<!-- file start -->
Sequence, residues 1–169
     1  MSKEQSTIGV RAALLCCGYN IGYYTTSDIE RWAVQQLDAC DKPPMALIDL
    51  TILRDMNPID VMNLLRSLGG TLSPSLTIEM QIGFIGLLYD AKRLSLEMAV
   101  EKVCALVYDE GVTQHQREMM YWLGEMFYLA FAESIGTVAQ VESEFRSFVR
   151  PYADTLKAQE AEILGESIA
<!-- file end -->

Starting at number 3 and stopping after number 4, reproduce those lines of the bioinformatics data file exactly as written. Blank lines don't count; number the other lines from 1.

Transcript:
    51  TILRDMNPID VMNLLRSLGG TLSPSLTIEM QIGFIGLLYD AKRLSLEMAV
   101  EKVCALVYDE GVTQHQREMM YWLGEMFYLA FAESIGTVAQ VESEFRSFVR